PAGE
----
For some he is a holy man, for others he is little more than a rabble-rouser. But no one can dispute that Grand Mufti Ahmad Badreddine Hassoun, 62, is one of the most important men in Syria, a man who, as the country's most senior religious scholar and a close political advisor to President Bashar Assad, plays a role in shaping war and peace in his country and in the entire Middle Eastern region.
Sheik Hassoun, a Sunni religious scholar at Al-Azhar University in Cairo and a member of parliament for eight years, has always found conciliatory words in the West. He sharply criticized the term "Holy War" in front of the European Parliament, saying: "Only peace is holy." At the Ecumenical Church Congress in Munich, he impressed fellow participants with his plea for interfaith dialogue and stunned German bishops with the proposal that the Christian Democratic Union (CDU) should remove the letter C from its name, for reasons of secularism.
Now, in October, Hassoun has adopted a decidedly different tone in his homeland. The following passage was leaked from the eulogy he gave for his son Saria, who had been killed by militant regime opponents: "The moment the first (NATO) missile hits Syria, all the sons and daughters of Lebanon and Syria will set out to become martyrdom-seekers in Europe and on Palestinian soil. I say to all of Europe and to the US: We will prepare martyrdom-seekers who are already among you, if you bomb Syria or Lebanon. From now on, an eye for an eye and a tooth for a tooth."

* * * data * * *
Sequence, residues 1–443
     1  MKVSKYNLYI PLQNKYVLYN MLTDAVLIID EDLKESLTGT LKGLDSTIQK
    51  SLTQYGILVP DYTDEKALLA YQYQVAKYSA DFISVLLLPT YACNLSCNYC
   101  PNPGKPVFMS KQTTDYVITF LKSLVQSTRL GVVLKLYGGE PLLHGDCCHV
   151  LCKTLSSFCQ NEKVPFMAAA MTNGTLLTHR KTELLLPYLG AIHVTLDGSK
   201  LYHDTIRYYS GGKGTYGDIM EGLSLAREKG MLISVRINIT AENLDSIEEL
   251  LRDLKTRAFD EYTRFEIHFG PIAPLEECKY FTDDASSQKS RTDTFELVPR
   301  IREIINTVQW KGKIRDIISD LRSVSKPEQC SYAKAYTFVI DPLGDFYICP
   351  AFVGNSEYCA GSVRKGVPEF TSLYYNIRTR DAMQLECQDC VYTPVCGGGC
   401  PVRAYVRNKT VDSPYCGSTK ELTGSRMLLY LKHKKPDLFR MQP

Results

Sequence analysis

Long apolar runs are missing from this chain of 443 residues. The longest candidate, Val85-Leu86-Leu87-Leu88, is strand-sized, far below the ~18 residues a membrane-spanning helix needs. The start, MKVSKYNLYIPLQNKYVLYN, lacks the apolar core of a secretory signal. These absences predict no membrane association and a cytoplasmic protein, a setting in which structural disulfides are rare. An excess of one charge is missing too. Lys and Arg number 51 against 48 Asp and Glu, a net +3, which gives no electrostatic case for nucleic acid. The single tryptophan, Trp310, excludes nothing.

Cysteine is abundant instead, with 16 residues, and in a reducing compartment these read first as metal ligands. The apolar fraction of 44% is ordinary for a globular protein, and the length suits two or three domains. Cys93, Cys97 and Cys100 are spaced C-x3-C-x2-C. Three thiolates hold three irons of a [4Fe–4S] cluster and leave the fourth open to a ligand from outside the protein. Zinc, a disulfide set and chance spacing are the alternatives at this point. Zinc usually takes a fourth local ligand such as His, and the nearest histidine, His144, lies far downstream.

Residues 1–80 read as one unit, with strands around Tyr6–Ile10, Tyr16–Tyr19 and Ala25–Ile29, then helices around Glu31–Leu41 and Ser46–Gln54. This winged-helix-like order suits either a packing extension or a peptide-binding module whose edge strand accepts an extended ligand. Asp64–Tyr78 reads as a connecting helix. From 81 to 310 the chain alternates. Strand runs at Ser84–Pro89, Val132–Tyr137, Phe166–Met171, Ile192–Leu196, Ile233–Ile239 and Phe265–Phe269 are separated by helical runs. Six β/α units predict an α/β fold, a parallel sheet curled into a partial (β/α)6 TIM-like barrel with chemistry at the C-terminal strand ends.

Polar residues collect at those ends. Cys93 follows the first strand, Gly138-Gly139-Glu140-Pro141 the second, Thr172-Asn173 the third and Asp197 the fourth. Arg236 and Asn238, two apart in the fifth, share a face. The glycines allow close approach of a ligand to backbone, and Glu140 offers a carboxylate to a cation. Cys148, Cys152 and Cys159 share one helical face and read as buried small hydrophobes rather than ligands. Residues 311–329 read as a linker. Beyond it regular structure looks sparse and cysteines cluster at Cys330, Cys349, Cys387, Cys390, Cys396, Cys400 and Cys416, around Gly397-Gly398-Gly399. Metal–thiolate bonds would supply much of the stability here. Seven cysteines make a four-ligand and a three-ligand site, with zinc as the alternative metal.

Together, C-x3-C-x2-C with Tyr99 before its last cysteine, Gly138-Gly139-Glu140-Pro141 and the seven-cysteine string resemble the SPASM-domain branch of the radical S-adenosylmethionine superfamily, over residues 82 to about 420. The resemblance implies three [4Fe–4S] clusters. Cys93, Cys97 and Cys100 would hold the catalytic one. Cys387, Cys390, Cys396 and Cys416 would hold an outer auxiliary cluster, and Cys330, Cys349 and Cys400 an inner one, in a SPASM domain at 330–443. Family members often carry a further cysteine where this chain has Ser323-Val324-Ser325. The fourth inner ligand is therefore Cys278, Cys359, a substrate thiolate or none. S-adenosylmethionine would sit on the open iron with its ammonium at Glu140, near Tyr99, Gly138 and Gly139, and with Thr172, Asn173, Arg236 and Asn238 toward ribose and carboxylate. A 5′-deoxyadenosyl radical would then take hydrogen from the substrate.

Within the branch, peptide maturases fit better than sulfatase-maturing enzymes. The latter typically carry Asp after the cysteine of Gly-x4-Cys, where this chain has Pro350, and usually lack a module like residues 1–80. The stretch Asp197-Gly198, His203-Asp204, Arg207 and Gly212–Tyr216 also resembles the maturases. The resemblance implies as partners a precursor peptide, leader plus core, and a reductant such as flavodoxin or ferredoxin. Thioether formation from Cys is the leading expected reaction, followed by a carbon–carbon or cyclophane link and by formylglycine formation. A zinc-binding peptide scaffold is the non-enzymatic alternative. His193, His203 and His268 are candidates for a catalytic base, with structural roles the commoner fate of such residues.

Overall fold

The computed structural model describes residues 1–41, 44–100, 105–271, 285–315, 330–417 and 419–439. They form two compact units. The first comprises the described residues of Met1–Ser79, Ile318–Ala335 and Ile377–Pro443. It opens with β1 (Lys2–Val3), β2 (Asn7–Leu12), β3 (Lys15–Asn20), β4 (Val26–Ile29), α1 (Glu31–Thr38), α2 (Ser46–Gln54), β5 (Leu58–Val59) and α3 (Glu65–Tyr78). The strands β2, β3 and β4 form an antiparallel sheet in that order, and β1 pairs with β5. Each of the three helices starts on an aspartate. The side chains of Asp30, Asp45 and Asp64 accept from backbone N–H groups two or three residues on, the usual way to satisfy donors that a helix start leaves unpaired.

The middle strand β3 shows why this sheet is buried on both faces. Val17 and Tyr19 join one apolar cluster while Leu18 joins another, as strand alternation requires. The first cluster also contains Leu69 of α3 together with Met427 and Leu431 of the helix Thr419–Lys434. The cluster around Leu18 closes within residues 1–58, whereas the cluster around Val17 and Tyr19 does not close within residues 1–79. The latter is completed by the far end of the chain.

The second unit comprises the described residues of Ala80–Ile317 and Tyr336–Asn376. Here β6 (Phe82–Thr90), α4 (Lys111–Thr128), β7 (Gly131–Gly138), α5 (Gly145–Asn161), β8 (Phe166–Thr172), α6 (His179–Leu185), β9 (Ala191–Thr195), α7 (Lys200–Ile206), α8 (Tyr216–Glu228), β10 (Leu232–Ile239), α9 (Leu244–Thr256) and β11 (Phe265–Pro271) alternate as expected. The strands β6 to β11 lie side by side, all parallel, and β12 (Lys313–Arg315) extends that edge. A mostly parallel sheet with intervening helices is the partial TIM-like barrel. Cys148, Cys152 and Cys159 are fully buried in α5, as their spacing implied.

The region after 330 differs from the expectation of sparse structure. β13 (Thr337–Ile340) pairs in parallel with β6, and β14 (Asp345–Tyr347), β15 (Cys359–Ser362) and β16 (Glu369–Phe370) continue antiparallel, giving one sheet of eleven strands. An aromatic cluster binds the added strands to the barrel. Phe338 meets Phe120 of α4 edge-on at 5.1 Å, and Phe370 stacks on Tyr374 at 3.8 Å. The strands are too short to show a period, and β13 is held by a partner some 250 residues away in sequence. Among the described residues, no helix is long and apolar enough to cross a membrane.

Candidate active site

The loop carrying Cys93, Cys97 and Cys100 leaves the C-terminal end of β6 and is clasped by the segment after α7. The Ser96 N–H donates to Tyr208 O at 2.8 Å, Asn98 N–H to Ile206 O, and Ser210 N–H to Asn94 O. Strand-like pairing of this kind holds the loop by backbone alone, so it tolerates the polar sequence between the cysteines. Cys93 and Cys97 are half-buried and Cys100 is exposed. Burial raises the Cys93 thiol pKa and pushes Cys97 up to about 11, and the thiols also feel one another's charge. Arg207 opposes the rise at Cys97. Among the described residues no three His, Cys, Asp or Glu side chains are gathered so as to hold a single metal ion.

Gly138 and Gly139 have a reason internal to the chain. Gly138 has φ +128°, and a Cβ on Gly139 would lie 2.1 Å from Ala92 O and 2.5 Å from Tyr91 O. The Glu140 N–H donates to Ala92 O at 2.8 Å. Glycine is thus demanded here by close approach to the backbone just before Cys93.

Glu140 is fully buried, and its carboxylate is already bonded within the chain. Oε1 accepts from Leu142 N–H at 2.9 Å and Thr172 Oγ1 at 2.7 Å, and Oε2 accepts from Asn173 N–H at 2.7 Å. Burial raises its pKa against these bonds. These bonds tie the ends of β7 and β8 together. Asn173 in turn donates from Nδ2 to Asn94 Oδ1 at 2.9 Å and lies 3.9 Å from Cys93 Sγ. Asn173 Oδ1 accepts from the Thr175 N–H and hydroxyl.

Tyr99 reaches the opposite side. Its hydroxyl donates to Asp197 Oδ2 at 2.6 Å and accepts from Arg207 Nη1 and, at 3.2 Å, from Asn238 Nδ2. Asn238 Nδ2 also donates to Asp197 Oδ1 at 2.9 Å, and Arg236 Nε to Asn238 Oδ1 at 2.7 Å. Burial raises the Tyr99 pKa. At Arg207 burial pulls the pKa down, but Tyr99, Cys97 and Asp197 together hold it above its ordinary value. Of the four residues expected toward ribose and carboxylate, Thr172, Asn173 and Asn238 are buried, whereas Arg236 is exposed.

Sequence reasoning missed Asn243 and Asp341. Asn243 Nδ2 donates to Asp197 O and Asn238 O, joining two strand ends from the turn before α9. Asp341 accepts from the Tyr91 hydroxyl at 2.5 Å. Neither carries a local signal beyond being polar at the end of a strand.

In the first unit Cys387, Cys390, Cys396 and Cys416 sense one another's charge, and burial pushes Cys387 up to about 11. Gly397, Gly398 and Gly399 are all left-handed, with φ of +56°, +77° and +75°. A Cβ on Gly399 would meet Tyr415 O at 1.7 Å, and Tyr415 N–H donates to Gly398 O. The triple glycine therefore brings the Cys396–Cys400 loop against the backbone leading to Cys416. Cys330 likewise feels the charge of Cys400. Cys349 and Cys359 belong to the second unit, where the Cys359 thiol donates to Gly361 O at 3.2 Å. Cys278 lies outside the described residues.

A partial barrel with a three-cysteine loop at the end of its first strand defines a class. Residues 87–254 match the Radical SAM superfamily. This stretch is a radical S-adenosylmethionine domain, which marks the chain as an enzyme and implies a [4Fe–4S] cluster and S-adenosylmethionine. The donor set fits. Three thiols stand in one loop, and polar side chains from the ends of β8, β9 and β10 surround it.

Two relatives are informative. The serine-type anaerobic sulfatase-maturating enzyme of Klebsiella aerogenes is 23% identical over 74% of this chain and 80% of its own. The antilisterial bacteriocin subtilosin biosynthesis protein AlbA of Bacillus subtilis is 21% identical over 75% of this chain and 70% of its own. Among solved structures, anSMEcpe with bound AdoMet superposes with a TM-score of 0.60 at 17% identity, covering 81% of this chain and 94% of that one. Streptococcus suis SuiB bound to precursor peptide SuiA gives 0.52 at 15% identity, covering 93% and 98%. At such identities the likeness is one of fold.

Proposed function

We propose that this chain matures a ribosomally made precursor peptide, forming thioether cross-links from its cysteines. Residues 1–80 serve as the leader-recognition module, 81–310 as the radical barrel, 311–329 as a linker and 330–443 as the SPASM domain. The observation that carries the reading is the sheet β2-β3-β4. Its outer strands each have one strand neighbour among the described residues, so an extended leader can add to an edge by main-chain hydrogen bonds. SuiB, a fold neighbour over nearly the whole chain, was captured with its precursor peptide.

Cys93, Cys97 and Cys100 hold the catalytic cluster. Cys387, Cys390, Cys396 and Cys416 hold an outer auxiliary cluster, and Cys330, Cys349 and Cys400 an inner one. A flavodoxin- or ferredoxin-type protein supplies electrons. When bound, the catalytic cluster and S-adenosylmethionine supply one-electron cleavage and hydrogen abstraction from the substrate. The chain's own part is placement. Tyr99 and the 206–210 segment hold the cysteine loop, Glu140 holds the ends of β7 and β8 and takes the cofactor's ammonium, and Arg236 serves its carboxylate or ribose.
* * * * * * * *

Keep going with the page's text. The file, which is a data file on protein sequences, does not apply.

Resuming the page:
SPIEGEL was able to accompany the grand mufti through Aleppo last week, a rare opportunity to get a close-up look at the dramatic changes in the country that, as former US Secretary of State Henry Kissinger once said, is the key to peace in the Middle East.
State of Emergency
Syria is in a state of emergency. An uprising has been raging for the last eight months, in which at least 3,000 people have already died, according to UN estimates. But now Syria is also disintegrating into surreal juxtapositions. There have been bloody clashes in cities like Homs, Hama and Latakia, while Amnesty International is reporting cases of torture, even in hospitals, as well as kidnapping and tribal conflicts. The 4,000-year-old city of Aleppo, a crossroads on the legendary Silk Road, feels like a city that is nervously in limbo, sniffing the air to see what comes next: peace on parole.
In the winding alleys beneath the citadel, a UNESCO World Heritage site, tradesman and merchants are putting on a defiant show of normalcy, while at the same time exchanging the local currency for US dollars on the black market. An eerie silence prevails in the painstakingly restored Ottoman-era mansions that have been converted into boutique hotels.
Church bells ring almost simultaneously with the call of the muezzin. Catholic and Orthodox Christian churches are sprinkled here and there among the many mosques. In the markets, women in full veils jostle next to others in miniskirts and high heels. The armed struggle seems endlessly far away at first, but then its presence is suddenly very close, as sirens pierce the air and ambulances bring the dead and wounded from a bloody battle only 15 kilometers from the center of Aleppo.
No Sign of Any Calm
Are the denominations also being played off against one another in this heated atmosphere? Could the Sunni majority, 71 percent of the population, be about to take its revenge on the Alawite minority (12 percent), to which the presidential family of authoritarian rulers for the last 40 years belongs?